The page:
I was in Limerick four years ago, at a huge Dunnes on the outskirts of the city center, and Carolyn’s face was all over promoting her Eclectic and The Edit lines. John was a proud husband when I told him, though he wasn’t surprised. “It’s like that at all the Dunnes. She’s incredible,” he said.
I think John was equally outstanding. Every Monday morning, he’d be one of the early birds emailing his copy before deadline. I always looked forward to reading it, especially during the weeks when there wasn’t much going on in the news and I’d be hard-pressed for a decent front-page lead story. I figured John would bail me out with a newsy or opinionated column, and he always did just that.
He didn’t want to hang around writing for us forever, though. In fact, on more than one occasion, I had to talk him out of retirement, and then it got to the point where I didn’t even listen when he said he might like to finish up.
The first time he wanted to quit came when the Voice marked its 25th anniversary in 2012. I asked JS to write a reflective piece for that special issue. He was happy to, and then he informed me that he thought the column would be a good way to close off his Voice career.
“Twenty-five is a nice round number,” I always remember him saying to me.
That is not what I wanted to hear in the middle of our celebrations. “The number is going to have get rounder, much rounder…you’re going nowhere,” I protested.
John honestly thought that he had run out of things to say, that our readers were sick of him and that “someone younger” might have more to contribute.
Youth can’t replace Tom Brady, and the same was true for JS. His columns were required reading, and when he missed a couple of weeks or so due to vacation readers wanted to know when he was coming back.
JS took a few weeks off in 2015 when he was first diagnosed with bowel cancer. He was fortunate that it was detected early thanks to a national screening program in Ireland. He recovered well and even wrote a column, one of his more memorable ones, about what he went through and his gratitude for catching the cancer early.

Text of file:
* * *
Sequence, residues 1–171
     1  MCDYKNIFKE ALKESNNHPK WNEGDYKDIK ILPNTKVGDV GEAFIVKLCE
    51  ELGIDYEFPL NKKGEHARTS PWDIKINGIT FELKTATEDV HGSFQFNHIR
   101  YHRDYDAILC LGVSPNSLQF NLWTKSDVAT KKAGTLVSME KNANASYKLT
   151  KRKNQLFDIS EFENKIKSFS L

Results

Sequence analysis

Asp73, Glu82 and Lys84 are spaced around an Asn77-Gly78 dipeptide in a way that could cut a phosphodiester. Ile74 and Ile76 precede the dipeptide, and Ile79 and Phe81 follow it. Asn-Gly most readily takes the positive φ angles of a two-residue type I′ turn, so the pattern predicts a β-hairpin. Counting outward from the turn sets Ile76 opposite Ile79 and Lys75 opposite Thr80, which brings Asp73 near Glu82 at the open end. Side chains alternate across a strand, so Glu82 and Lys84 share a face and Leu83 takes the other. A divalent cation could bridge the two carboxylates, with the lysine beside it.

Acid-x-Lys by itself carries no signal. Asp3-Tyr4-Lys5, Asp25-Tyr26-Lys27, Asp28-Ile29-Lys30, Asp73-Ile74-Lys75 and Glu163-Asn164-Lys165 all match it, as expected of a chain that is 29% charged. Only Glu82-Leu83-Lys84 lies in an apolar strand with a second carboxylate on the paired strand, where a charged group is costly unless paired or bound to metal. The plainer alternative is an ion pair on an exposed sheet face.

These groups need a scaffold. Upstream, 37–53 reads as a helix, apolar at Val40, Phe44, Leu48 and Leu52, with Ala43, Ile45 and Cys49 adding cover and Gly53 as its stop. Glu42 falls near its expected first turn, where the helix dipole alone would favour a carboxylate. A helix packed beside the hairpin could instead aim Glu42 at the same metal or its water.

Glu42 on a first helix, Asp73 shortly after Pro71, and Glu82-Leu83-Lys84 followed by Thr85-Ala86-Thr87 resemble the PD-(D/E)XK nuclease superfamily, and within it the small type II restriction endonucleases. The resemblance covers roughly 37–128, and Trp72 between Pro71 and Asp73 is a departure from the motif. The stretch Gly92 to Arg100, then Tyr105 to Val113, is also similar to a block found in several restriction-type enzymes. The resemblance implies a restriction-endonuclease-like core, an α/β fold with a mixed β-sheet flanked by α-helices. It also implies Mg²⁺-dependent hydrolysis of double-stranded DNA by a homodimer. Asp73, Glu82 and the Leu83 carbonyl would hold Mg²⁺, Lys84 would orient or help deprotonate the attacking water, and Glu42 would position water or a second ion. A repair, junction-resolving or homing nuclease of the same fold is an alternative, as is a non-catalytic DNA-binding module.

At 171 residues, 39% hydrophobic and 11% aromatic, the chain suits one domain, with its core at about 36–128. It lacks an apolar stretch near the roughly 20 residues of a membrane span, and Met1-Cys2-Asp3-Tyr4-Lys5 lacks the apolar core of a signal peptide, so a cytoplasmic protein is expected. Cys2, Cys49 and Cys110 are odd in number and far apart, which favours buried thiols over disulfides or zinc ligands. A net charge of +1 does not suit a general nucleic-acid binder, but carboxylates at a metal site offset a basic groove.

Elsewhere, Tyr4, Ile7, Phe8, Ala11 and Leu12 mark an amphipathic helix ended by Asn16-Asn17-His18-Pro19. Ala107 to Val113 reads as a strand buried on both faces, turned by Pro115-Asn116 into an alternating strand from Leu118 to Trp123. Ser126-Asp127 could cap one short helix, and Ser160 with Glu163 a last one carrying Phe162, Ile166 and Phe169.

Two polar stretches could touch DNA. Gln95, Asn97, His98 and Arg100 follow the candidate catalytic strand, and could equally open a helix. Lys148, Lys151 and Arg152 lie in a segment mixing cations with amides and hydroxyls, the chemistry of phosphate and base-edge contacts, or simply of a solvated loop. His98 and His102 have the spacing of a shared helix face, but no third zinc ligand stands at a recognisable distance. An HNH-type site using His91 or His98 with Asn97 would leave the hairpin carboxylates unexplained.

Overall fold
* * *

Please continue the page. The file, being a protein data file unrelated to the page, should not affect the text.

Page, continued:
And his health was good for a long time, until it wasn’t. In February, he wrote to me about needing intensive cancer treatment and that he’d likely have to quit the column.
It was a lump in the throat moment reading those words, but brighter months were to come. JS responded to the treatment nicely and it wasn’t proving too stressful on his body.
“The column is actually a great diversion for me! So I’ll keep going,” he said.
He did just that, right up until September 30. The email subject line was to the point: “Spain Final Column 2,000 Words.”
It was a shock to the system, reading those words which I knew I couldn’t reverse. It took me a couple of days to absorb that John’s health was deteriorating and that the Irish Voice was losing one of its superstars.
Since news of John’s death last week became public, we’ve received so many kind emails offering sympathies and words of praise. My inbox on Friday contained a lovely message from Liam Neeson, a regular reader of the Voice who is a big fan of John.
“Very saddened to hear of Mr. Spain’s passing. As an avid reader of Niall O’Dowd’s weekly Irish Voice here in the U.S., John Spain’s column was always never less than thought-provoking. A much-needed voice, especially in these politically and economically tumultuous times we are now living in. Rest in eternal peace,” he wrote.
I asked Liam if I could share his words for this piece, and he said yes. I had known for some time that John was one of his must-reads. In fact, I used this knowledge as a tool when JS was in retirement mode. “You can’t leave! Liam Neeson will miss you more than I will!” I’d say.
John stayed with us. For nearly 34 glorious years. There were no ups and downs – it was all up with John.
I’m so grateful for him, for his knowledge, his wisdom, his friendship. For being a true blue Irish Voice.
*This column first appeared in the November 3 edition of the weekly Irish Voice newspaper, sister publication to IrishCentral.
*You can read John Spain's columns for the Irish Voice and IrishCentral here.